Not only am I a computer scientist and a Titanic enthusiast, but I am also a railroad enthusiast and my other CYOA idea revolved around the development of the railroads in the early 20th Century. The story begins with a young businessman who starts his own railroad company in 1915. New advancements in railroad technology, train accidents, and the reader's actions will affect the future of the company. The story will span the life of the company until the businessman dies (either by old age or by an accident).
I'm not too sure about this next idea, but I was thinking about taking a leaf from Mike's book and make a movie. The reason I'm not really thinking about doing this is because of how I am planning to make it; the same way a lot of people on YouTube make their films. Capture video from a game and then synchronize it to the audio from a motion picture. Like this, for example (Titanic + RollerCoaster Tycoon 3). The only difference was that I was thinking about using A Night to Remember rather than Cameron's film.
This idea is almost dead, actually. I just want to know what everyone thinks.
Those are my ideas so far, though I might come up with others. I am leaning towards doing the Nuclear plant CYOA, but the Hacker in 1912 idea is still floating in my head.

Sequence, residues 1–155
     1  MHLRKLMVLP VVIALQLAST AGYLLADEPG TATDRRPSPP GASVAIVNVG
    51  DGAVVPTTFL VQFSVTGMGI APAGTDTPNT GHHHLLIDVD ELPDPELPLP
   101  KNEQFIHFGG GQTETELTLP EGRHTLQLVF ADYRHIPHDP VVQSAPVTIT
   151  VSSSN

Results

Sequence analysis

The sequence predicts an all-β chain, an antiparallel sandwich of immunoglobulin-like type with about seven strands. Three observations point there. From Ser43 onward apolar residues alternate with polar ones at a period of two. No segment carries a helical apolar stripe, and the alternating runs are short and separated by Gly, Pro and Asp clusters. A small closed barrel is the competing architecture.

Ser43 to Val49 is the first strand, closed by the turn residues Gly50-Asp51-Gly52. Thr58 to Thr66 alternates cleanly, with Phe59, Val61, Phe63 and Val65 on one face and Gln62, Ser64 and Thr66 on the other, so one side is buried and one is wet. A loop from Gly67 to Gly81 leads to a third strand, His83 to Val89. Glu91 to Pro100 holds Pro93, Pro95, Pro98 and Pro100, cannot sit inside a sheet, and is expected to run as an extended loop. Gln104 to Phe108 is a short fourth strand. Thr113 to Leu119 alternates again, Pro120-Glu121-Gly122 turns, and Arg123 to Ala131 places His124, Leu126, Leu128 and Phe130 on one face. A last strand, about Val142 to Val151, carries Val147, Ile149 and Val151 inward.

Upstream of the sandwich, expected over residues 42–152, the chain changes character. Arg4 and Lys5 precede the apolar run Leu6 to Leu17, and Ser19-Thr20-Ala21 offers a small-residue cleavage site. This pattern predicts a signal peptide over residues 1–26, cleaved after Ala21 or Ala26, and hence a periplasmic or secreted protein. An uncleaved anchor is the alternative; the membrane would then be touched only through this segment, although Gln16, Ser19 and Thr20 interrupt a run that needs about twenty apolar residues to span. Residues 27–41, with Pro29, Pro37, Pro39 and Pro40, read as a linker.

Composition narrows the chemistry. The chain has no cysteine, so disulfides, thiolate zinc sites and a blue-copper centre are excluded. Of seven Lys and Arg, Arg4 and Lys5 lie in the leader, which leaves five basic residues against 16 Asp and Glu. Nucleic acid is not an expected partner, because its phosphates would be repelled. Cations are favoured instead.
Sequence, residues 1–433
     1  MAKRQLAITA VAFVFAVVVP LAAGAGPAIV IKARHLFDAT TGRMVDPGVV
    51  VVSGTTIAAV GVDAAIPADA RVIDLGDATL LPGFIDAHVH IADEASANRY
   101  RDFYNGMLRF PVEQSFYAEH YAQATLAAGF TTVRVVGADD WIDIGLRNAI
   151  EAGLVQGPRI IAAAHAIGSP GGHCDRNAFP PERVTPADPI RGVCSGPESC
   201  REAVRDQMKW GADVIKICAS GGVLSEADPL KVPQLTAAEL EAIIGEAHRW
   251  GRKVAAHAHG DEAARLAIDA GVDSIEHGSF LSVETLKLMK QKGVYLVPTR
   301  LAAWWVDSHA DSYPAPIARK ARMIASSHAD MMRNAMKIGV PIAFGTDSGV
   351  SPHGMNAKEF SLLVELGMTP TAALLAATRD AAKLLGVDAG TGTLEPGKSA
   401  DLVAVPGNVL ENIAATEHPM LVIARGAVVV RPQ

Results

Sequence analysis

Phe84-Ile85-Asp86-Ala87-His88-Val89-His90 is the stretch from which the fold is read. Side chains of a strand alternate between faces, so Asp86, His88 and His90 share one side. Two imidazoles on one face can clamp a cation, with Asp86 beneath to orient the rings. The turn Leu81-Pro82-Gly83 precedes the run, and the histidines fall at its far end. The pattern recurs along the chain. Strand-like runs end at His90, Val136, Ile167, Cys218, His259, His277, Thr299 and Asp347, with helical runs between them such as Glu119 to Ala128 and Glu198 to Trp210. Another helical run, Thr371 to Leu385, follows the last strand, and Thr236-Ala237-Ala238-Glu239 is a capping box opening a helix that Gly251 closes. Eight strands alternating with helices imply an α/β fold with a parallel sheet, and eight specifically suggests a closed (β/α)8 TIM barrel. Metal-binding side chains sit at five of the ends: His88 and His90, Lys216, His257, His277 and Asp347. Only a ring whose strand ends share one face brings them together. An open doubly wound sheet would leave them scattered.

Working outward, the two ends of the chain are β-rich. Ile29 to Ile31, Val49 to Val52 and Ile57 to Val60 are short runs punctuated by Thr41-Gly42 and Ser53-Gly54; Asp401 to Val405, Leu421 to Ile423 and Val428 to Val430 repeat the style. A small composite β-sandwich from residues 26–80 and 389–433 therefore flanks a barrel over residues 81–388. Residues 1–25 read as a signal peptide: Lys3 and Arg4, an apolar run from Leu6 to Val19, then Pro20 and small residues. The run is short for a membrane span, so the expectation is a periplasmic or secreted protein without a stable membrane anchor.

What I want to know is, which idea should I go for? Should I do them as I have mentioned or should I change certain elements of them?
What do you think?
The story is about a character "Alex" is essentially genderless until the story almost "lends" to him one through interaction with and judgment by others. He is essentially a straight male who ends up with a man by the end of the first day (thus is bi). When s/he wakes up, she is returned to being "straight" and genderless, until interaction though others teaches the reader that Alex is a girl. The second half of the story is essentially the same, she wakes up with the man from the night before, but ends up with a girl by the end of the second day. [Note: This is an oversimplification, there are serious omissions already.]